Upon the commencement of the World Matchplay, it seemed Michael Van Gerwen may have been the favourite to claim the trophy, as he boasted the number one seeding, alongside possessing the necessary credentials to attain victory due to previous victories. Yet, with motivation perhaps at a peak high, predominantly due to the record prize pot available, there may have been multiple players capable of concluding the week the victor. Ultimately, it was indeed another player who emerged victorious, with Phil Taylor’s triumph versus Peter Wright enabling him to record his 16th Matchplay title. With this season his final before his forthcoming retirement, it seemed his swansong at Blackpool may have cemented his position in the record books, as with the tournament a prime opportunity to challenge himself versus the most accomplished opposition, becoming champion may solely serve to elevate his credentials.
With a wide array of other competitions established prior, it seems poignant the World Matchplay seems to have established itself in rapid fashion, with perhaps the overarching reason for this the host location. With a large majority of players on the tour English, the tournament may naturally have a large English following, thus hosting it in Blackpool may have increased support levels. With tickets for the event completely sold within three days, this suggestion may be reiterated and, with the tournament also broadcast on Sky, it seems the contest may have been broadcast to the masses, extending the reach. With a record £500,000 prize pot available, it seems there may be multiple incentives for players to continue to aspire to win the trophy, ultimately extending the tournament’s tenure.
The top 16 players in the world qualified automatically, also rewarded for their status with a seeding. Yet, the other sixteen positions were earned by qualifiers, who seemed to require consistent performances in tournaments prior to attain the necessary ranking to compete. As such, a smorgasbord of players of varying capabilities may have been on show, suggesting the sport possesses vast depth, whilst simultaneously suggesting motivation to qualify, and ultimately succeed, may be at its peak, as players seek to place among the most proficient players on the tour. With multiple qualifiers triumphing versus superiorly ranked players, most notably previous champion James Wade, this suggestion seemed to be emphasised.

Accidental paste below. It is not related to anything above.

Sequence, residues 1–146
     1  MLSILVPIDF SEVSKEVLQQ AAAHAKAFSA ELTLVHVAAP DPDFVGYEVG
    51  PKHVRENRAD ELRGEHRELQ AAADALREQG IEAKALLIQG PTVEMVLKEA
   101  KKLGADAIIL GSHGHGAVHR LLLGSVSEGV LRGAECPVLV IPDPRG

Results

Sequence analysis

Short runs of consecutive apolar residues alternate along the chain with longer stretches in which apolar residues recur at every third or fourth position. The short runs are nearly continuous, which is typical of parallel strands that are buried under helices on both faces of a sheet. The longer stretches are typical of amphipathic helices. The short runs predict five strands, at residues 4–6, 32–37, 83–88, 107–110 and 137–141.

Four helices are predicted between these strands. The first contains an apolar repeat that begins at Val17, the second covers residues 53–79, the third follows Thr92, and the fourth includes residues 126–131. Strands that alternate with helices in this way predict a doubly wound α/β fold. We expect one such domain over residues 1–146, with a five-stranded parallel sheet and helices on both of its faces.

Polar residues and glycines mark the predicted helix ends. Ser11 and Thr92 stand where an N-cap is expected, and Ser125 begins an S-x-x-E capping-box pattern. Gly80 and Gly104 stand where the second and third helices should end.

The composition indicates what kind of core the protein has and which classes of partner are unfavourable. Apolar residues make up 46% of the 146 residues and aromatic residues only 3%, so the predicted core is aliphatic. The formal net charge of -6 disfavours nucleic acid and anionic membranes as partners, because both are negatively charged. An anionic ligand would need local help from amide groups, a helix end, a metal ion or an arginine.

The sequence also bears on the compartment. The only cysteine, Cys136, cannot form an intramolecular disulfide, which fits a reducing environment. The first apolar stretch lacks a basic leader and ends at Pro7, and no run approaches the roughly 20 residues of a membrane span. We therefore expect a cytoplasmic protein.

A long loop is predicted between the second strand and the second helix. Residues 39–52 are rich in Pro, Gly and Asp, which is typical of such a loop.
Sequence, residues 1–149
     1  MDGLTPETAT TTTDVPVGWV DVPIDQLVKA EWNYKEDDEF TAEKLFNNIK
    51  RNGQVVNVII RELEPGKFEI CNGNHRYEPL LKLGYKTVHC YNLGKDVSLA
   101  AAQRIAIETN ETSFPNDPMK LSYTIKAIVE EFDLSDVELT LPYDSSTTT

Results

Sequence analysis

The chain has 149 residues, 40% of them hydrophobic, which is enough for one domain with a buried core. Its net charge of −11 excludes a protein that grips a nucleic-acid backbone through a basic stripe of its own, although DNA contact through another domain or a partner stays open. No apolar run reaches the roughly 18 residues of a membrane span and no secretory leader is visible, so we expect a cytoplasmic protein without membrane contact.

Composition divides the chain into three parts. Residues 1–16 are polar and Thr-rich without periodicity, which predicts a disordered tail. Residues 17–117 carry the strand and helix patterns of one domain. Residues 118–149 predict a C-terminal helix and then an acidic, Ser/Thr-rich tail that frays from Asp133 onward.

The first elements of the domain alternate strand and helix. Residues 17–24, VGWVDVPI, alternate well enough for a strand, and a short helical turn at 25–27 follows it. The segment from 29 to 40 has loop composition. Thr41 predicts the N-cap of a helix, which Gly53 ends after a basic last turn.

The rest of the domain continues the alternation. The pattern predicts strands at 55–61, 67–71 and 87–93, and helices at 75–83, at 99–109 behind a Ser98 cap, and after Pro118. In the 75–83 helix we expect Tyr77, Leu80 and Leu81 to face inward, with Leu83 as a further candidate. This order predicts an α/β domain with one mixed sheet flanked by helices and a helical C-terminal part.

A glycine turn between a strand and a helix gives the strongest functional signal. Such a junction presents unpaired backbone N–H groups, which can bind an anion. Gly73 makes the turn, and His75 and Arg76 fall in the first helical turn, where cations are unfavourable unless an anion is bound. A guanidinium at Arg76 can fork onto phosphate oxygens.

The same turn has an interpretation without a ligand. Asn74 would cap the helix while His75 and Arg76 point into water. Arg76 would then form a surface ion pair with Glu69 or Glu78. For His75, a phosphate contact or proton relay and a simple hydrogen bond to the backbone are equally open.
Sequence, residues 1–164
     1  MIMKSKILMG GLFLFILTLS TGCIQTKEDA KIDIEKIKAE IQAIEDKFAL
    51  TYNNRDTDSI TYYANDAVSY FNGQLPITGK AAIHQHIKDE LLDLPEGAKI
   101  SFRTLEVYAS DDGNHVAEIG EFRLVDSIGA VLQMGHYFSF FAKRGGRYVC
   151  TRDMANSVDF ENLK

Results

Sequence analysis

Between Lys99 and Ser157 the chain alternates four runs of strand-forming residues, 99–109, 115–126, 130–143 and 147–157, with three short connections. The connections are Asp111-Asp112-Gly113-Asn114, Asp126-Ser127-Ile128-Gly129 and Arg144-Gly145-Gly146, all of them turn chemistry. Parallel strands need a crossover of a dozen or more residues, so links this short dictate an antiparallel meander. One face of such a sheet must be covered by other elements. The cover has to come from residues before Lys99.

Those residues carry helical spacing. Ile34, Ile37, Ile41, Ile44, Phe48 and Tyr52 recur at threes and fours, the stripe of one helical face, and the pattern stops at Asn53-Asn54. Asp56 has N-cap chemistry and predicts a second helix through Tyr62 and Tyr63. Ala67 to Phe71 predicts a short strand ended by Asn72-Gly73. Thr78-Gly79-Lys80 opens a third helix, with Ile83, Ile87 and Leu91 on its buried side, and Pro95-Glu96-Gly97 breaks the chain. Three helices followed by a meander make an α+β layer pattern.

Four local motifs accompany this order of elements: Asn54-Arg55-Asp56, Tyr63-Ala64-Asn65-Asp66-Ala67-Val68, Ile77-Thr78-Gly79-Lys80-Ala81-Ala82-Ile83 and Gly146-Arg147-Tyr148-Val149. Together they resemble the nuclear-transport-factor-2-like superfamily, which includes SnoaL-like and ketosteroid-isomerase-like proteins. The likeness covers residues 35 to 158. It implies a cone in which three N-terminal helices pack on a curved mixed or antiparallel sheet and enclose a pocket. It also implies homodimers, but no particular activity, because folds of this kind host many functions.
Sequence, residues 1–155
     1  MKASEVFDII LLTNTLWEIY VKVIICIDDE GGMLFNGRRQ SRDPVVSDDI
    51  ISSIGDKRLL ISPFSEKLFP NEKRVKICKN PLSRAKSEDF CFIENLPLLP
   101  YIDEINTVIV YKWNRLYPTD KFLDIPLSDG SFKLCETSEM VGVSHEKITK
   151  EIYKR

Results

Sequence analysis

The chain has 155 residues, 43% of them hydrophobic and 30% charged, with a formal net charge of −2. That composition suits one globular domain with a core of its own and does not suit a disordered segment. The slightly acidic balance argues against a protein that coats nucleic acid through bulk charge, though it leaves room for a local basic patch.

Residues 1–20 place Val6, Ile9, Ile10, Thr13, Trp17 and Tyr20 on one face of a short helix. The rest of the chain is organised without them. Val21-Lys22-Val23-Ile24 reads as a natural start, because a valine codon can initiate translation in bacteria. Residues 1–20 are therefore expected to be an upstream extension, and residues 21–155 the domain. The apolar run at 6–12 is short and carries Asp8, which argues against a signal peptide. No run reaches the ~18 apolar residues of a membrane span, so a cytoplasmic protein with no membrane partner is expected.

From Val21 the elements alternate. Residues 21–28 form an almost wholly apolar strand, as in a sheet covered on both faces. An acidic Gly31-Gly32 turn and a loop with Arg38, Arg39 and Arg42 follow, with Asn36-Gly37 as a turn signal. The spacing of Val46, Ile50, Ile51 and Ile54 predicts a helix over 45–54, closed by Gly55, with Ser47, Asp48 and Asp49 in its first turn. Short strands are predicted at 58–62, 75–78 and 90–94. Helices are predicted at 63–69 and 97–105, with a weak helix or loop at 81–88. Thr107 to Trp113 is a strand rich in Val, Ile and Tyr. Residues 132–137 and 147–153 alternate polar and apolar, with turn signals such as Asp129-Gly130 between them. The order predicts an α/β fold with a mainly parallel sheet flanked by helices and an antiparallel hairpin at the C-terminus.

Yet, Taylor ultimately claimed the crown, with his overall performance throughout the tournament perhaps claiming the plaudits rather than his final victory itself. In the quarter-finals, he emerged victorious versus top seed Michael Van Gerwen, proving he still possesses the capabilities to perform at the pinnacle, and it may be this trait which has held him in good stead across the entirety of his career. His recent victory was his 16th since the tournament’s inception, giving him a 66% win rate, adding to his 216 career titles, amongst which include a record 16 World Championships. Yet, his crowning glory may be his four World Cup victories for England as, with his personal aptitudes already highlighted, he seemed to showcase his ability to function as part of a team. His consistent dominance across multiple competitions with varying formats seem to have left a legacy which future players may aim to replicate, and ultimately surpass, productively impacting the sport further as an influx of players strive for top performances.
With 37 tournaments yet to play prior to the conclusion of the season, it seems Taylor may have ample opportunity to attain further accolades. Yet, his priority may be the final tournament of the year; the World Championship. With this tournament the most prestigious in the calendar, it seems Taylor may be placing the majority of his focus on this, and may be seeking to utilise his performance in Blackpool to productively impact his quest for glory. Considering the tournament may also be Taylor’s swansong, he may aim to add to his ever-expanding repertoire, perhaps ultimately enabling him to be recognised similarly to Jocky Wilson, with a tournament named in his honour. This accolade may surpass other records he holds, as it may prove to him he may have productively impacted the sport, and increased darts’ pedigree across the globe.
How may Taylor’s consistency across the tournament’s duration motivate others to surpass his achievements?